Friending the 60 Blog

 

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Charles Dickens:  There is nothing better than a friend, unless it is a friend with chocolate.

I’m seeing a friend tonight that I haven’t seen in a long while. She’s my theater buddy and we’re going to see Finding Neverland.

My friend has been dealing with a very ill family member and she has understandably stepped back from extra activities (like bunco and bingo) so she can be with her family during this difficult time. I miss her.

It’s true what they say:  “Friends are therapists you can drink with.”  When I woke up this morning, I honestly was trying to think of an excuse not to go to the show tonight.  A lot of walking, a late night, wah, wah.  But really?  It’s a show I want to see, we have really great seats (fifth row center) and, most importantly, I get to see my friend after several weeks.  She’ll drink wine, I’ll drink coffee (of course), and we’ll catch up on important and non-important things.

I am rich with friends.  We sometimes bicker or feel envy, and we certainly gossip about each other.  (Am I right, friends?)  So why do we bother?  Friends make us laugh when we’re down, they’re there to slap us on the back when we have good news, and they are part of our special memories.  Having friends boosts our happiness and our health.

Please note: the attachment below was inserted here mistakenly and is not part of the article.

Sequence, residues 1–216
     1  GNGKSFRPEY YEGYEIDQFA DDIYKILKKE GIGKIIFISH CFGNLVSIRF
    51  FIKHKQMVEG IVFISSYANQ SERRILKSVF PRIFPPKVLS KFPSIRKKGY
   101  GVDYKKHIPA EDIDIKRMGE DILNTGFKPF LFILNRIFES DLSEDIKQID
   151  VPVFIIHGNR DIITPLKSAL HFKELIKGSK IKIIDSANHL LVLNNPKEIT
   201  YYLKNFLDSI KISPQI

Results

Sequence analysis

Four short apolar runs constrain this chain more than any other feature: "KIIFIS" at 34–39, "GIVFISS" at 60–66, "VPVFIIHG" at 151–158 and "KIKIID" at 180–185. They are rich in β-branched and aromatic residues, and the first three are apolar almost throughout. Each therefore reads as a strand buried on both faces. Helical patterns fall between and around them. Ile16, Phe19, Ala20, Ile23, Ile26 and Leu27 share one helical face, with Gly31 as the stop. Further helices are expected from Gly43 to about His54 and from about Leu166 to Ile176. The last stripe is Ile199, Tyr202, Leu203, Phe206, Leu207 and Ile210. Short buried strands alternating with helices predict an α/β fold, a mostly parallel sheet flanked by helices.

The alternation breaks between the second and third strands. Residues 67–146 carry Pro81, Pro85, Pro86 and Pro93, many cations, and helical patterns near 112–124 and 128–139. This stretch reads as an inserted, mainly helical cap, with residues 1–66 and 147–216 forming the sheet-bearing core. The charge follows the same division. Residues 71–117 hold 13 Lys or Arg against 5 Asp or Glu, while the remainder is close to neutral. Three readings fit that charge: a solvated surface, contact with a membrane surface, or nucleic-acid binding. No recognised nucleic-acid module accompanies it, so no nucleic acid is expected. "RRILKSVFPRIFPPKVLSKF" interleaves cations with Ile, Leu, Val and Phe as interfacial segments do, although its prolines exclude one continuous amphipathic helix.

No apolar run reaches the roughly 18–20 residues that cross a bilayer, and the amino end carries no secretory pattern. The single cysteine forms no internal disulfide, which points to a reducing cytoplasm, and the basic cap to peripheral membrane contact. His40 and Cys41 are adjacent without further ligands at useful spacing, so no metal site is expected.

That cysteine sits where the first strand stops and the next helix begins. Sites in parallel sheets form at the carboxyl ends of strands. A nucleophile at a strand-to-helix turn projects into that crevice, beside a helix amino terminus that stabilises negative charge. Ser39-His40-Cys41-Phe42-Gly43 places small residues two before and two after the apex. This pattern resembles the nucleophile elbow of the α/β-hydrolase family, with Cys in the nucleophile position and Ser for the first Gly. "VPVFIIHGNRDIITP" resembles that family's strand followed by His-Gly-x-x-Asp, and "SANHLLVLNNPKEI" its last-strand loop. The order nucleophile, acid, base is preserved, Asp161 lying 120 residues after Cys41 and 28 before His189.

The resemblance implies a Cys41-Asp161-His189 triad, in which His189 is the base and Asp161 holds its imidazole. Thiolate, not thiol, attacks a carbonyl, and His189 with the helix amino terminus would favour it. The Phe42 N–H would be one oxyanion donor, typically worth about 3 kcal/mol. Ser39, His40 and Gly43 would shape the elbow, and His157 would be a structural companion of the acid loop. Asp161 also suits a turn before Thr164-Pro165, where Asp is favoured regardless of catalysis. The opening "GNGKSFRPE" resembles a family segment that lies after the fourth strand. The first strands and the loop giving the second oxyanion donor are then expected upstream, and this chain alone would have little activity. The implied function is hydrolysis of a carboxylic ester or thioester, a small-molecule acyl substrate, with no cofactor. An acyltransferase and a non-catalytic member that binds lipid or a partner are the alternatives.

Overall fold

Studies have shown that the happiest people are the most social.   And happiness is contagious.  So if a friend of ours is happy, we’re happy too.  Thankfully, sadness isn’t as contagious.  While having a friend who is happy improves your likelihood of being happy by 15 percent, having one who is unhappy lowers your chances by just 7 percent.

Friends cut the small talk–and that makes us happy too!  We can chat with acquaintances, but when we have something more serious to discuss, we turn to a confidante.  People with the highest levels of well-being have more meaningful conversations than small talk.  (Psychological Science, 2010)

Of course, we turn to our friends when we’re stressed.  According to a UCLA study, women are much more likely than men to seek out social support (usually from other women) when they’re worried or frazzled, which may explain why stress affects men’s health more.   Our friends help us feel optimistic, which increases our satisfaction with life.

Friendships really do improve our health.  People who are lonely tend to have higher blood pressure and other heart disease risk factors, and social support truly does ward off depression and suicide.

The least socially integrated people experience memory decline twice as fast as those who are more connected.  Now, where are my car keys?  Just kidding.

 

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